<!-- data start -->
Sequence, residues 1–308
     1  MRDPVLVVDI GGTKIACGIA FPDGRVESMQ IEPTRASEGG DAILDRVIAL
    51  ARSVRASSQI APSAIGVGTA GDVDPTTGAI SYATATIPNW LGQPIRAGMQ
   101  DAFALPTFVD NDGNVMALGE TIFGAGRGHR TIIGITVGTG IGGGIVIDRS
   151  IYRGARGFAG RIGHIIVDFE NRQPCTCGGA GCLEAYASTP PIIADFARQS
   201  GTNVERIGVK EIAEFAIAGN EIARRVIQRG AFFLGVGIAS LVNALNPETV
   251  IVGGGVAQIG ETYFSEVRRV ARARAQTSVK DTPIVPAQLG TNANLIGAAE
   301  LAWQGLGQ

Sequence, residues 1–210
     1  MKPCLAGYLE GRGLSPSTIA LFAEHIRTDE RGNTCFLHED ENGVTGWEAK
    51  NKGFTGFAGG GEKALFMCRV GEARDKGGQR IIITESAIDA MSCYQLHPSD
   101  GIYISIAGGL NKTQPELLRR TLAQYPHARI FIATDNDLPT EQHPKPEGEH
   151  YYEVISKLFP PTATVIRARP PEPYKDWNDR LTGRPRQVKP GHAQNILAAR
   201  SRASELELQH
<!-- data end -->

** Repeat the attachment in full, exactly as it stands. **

Sequence, residues 1–308
     1  MRDPVLVVDI GGTKIACGIA FPDGRVESMQ IEPTRASEGG DAILDRVIAL
    51  ARSVRASSQI APSAIGVGTA GDVDPTTGAI SYATATIPNW LGQPIRAGMQ
   101  DAFALPTFVD NDGNVMALGE TIFGAGRGHR TIIGITVGTG IGGGIVIDRS
   151  IYRGARGFAG RIGHIIVDFE NRQPCTCGGA GCLEAYASTP PIIADFARQS
   201  GTNVERIGVK EIAEFAIAGN EIARRVIQRG AFFLGVGIAS LVNALNPETV
   251  IVGGGVAQIG ETYFSEVRRV ARARAQTSVK DTPIVPAQLG TNANLIGAAE
   301  LAWQGLGQ

Sequence, residues 1–210
     1  MKPCLAGYLE GRGLSPSTIA LFAEHIRTDE RGNTCFLHED ENGVTGWEAK
    51  NKGFTGFAGG GEKALFMCRV GEARDKGGQR IIITESAIDA MSCYQLHPSD
   101  GIYISIAGGL NKTQPELLRR TLAQYPHARI FIATDNDLPT EQHPKPEGEH
   151  YYEVISKLFP PTATVIRARP PEPYKDWNDR LTGRPRQVKP GHAQNILAAR
   201  SRASELELQH